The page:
The songs of this phenomenal album tap into a deep reservoir of transformative musical traditions from around the world – Afrobeat, funk, hip hop, Puerto Rican bomba, Cuban rumba, salsa, and soul; inviting us to rejoice in the planetary brilliance of life on earth, and to revel in global human connection.
(This music) carries me to my joy on streets of Harlem, where strangers still greet, to the fragrances of temples by global seas, and sacred spaces of El Barrio in NYC. I listen and feel the souls of my ancestors letting me know joy is possible even in the worst of times. I find myself by the Bronx River, contemplating the possible histories of a stone.
“I feel in a lot of ways the pandemic has forced us to face that time really is short, so why not live your joy today?” King said. “So I feel like in this album there is a lot of those type of questions about what are you going to choose? You are presented with all these options about how you want to live your life and how do you want to use this time in front of you?”
When people ask about what kind of music TapRoots is, I always find it very difficult to pinpoint. Is it funk? Is it reggae? Is it Latin? Is it rock? It doesn’t fit any one box and is sometimes passed by as a result of people not knowing how to talk about it and understand it. Over the years I’ve tried to come up with different names. Global Fusion. Latin Prog Funk. Orisha Rock. The point is that there is an indefinable quality to this music, though there are some foundational grounding principles.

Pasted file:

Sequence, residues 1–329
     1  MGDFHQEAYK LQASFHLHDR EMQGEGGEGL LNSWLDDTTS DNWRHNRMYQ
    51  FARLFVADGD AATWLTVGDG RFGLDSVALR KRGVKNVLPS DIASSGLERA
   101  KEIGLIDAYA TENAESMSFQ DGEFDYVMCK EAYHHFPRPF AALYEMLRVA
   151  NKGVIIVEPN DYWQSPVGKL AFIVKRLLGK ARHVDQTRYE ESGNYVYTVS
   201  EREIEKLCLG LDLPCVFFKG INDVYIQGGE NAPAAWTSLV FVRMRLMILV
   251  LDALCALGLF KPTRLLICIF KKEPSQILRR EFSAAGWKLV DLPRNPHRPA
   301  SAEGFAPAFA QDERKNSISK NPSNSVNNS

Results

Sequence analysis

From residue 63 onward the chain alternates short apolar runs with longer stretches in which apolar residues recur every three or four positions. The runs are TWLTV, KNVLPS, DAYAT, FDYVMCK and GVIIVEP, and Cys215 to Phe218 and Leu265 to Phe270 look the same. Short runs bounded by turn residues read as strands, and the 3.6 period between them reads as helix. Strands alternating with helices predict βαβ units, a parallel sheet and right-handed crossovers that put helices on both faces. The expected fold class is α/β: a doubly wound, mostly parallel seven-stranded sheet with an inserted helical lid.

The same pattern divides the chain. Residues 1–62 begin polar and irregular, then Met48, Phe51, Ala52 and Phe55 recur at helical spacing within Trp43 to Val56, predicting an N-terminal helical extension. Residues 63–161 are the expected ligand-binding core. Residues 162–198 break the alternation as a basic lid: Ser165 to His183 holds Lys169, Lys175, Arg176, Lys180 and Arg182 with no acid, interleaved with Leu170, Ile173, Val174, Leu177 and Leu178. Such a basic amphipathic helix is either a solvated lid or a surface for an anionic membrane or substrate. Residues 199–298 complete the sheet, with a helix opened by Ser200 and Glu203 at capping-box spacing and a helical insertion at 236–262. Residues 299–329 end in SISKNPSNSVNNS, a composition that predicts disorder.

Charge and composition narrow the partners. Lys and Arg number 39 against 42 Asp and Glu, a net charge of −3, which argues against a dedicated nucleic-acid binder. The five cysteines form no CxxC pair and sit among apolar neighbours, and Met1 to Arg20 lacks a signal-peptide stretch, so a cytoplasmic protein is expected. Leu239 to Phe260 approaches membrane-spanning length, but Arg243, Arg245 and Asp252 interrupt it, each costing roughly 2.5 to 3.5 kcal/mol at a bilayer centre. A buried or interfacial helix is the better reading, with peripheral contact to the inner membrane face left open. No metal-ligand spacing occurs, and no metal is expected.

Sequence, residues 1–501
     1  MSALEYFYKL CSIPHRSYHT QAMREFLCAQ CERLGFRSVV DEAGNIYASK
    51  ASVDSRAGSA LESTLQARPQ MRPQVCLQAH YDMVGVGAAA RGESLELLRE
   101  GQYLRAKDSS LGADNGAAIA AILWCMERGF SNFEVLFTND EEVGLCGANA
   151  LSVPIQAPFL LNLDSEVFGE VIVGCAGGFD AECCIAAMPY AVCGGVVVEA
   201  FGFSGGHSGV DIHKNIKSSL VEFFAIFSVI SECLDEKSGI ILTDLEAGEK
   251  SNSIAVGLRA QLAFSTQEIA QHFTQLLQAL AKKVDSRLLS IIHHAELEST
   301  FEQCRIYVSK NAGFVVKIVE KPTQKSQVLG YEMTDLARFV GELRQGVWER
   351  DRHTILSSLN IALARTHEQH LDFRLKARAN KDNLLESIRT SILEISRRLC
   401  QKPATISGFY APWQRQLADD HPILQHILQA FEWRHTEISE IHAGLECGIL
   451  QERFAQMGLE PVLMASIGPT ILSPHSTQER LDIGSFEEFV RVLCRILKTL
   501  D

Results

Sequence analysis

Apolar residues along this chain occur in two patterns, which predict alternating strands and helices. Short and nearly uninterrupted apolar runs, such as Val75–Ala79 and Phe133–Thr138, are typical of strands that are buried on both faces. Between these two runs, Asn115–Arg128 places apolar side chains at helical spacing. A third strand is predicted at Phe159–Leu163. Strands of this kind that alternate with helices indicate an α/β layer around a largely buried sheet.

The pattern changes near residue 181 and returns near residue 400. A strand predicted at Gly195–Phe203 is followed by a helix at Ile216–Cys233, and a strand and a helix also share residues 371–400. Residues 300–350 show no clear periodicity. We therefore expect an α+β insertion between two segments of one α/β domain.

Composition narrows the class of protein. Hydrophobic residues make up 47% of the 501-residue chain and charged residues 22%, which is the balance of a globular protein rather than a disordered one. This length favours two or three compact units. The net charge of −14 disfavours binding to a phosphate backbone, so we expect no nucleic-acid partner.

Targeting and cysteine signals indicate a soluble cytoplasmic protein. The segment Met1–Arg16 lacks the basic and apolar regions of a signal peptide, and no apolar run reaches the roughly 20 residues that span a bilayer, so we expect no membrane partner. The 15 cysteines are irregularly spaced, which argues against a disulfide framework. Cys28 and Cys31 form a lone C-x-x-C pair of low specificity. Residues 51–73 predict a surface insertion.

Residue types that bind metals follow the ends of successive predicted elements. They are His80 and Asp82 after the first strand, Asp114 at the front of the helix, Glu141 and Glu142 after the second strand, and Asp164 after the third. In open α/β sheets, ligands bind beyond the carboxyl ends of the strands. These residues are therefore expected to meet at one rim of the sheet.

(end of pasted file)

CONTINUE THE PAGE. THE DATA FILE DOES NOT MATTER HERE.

All I can say is, Wow! Really?! THIS good?!!
Multi instrumentalist and visionary behind the TapRoots movement, Matthew King, took to the stage with this 11-piece band, and took the audience on an incredible journey through time, space, culture, politics, spirit, poetry, and more. He grabbed hold of us from the moment he stepped on stage and did not let go for this amazing ride.
There are many bands around that have a world music influence. But this is a true world music band. Lead singer and guitarist, Matt King, has assembled an incredible crew, and he sings and writes in (multiple languages). The music easily evokes the rain forest or tropical islands, and like other world music before this, there is frequently a political bend to the lyrics and their stance on stage, but the focus is the music.
“We draw upon the life stories of those in the local and global community to spin the narratives of our age,” Matthew said, “It is both ancient and contemporary, and there is no one that has heard us play that hasn’t gone home invigorated and rejuvenated, ready to meet the next day with a little TapRoots mojo in their pockets.”
Musically, TapRoots is a complex tapestry of styles that melds familiar sounds with some that will be new to listeners.
King draws from a wide net of influences; you’ll hear elements of rock, soul, reggae, salsa, hip-hop, samba, folkloric rhythms and more in his music, which he describes as tapping “into the roots of these traditions while imagining something refreshingly new.”
"Matthew draws from the musical traditions of funk, Cuban drumming, Brazilian Tropicalia, salsa, hip hop, samba, reggae, soul, pop, rock, acoustic folk, poetry, and spoken word. And yet, there’s no need to settle on genre here — the music pours through the soul."
"(Matthew) King led the ensemble from front and center and his combination of humility, confidence and joy are radiant and impossible to ignore. The sounds? Somewhere between Miles Davis electric era, Abraxis era Santana and Sun Ra Arkestra. Like with other great world music, the music was accompanied by quality lyrics that described struggle, redemption and purpose.
"Through this music, I hope to pay tribute to the many amazing artists, percussionists, and spiritual leaders that have opened my eyes and heart to the rhythms of the African diaspora. I honor them with everything that I do and hope that my music can wake us up to the fact that we all have a role in fighting for justice for all communities."